Presentation on theme: "Chapter 1 - The Americas, West Africa, and Europe"— Presentation transcript:
1 Chapter 1 - The Americas, West Africa, and Europe On the eve of their interaction, Native American, West African, and European peoples live in complex societies.
2 Chapter 1 - The Americas, West Africa, and Europe Section 1 - Ancient Cultures in the AmericasThe First Americans• 22,000 years ago hunters cross from Asia to Alaska over BeringiaHunting and Gathering• Inhabitants hunt large animals until climate warms• 12,000 to 10,000 years ago hunt small game, gather nuts and berriesAgriculture Develops• Planting of crops begins in central Mexico 10,000 to 5,000 years ago• Some cultures remain nomadic—moving in search of food and water
3 continued Ancient Cultures in the Americas Maya, Aztec, and Inca Societies Flourish• The Americas’ first empire, the Olmec, flourishes 1200 to 400 B.C.• A.D. 250 to 900, Maya culture thrives in Guatemala and Yucatán• Aztec begin building civilization in the Valley of Mexico in 1200sIncas establish empire around A.D in western South AmericaComplex Societies Arise in North America• Anasazi form agricultural societies in Southwest after 300 B.C.Trading, mound building cultures arise east and west of MississippiNEXT
4 Native American Societies of the 1400s Diverse PeoplesWest coast tribes live in marshes and forests; hunt and gatherThe Pueblo, Anasazi descendants, farm and live in multistory houses• Iroquois live in Northeastern forests, hunt for food and clothingSoutheast groups grow maize, squash, and beansCommon CharacteristicsMany cultures trade, share common social values and religionAll tribes organized by families, some in clans with common ancestorNEXT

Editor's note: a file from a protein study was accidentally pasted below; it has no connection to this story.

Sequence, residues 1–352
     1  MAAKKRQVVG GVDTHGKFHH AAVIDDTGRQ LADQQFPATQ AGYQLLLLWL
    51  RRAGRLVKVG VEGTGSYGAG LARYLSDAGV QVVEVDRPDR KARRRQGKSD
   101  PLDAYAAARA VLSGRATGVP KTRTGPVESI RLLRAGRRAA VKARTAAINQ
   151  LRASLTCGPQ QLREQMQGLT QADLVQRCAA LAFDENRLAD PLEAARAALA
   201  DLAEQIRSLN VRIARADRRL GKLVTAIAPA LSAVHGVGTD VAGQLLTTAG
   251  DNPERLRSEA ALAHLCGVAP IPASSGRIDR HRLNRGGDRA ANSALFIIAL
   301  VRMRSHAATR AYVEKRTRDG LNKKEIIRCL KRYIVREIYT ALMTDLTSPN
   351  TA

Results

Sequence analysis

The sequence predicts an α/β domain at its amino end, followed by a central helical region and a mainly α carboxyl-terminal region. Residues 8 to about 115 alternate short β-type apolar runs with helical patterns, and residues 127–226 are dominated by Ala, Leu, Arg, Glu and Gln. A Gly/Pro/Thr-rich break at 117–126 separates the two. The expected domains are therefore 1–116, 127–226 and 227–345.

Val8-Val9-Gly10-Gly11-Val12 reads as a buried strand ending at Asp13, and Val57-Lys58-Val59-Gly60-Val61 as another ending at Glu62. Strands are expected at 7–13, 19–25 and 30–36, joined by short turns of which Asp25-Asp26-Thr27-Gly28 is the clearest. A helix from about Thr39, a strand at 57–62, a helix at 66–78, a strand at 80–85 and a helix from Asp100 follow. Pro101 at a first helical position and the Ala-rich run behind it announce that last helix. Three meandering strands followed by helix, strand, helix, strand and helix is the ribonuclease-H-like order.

5 West African Societies of the 1400s The Kingdom of Songhai600 to 1600—Trans-Sahara trade enriches Ghana, Mali, Songhai empiresKingdoms of Benin and KongoIn 1400s, the kingdom of Benin controls area around Niger Delta• Kongo, group of small kingdoms on Congo River ruled by single leaderWest African CultureWest Africans live in villages; family, community, tradition direct lifePeople worship ancestral spirits; most believe in single creatorMake living from farming, herding, hunting,fishing, mining, tradingContinued . . .NEXT
6 continued West African Societies of the 1400s Trading Patterns with the Wider WorldTimbuktu is center of trans-Saharan trade networkEuropean, North African, Saharan goods traded for West African goodsTraders bring Islam—a monotheistic religion founded by MuhammadThe PortuguesePortuguese sailors make contacts along West African coast in 1440sPortuguese begin direct trade and bypass Saharan merchantsEuropean trade in enslaved West Africans beginsNEXT
7 European Societies of the 1400s The Social HierarchyMonarchs, aristocrats, clergy, peasants are basic social ranksThere are few artisans and merchants, but they have social mobilityChristianity Shapes the European Outlook• Christianity—religion based on the life and teachings of JesusCrusades against Muslims open Asian trade routes to Europe• Reformation disputes church practices, papal authority; splits ChurchEuropean Nations Take ShapeFour powers emerge: Portugal, Spain, France, EnglandContinued . . .NEXT
8 continued European Societies of the 1400s The Renaissance• Renaissance—rebirth of interest in the world —begins in Italy, 1400sLeads to reconsideration of art, philosophy, science, human abilityEurope Enters a New Age of ExpansionCost and danger of land route to Asia leads to search for sea routeMonarchs finance exploration to find new sources of wealthSailing Technology ImprovesNew ship designs and instruments promote explorationPrince Henry gathers mariners, navigators; finances explorationNEXT
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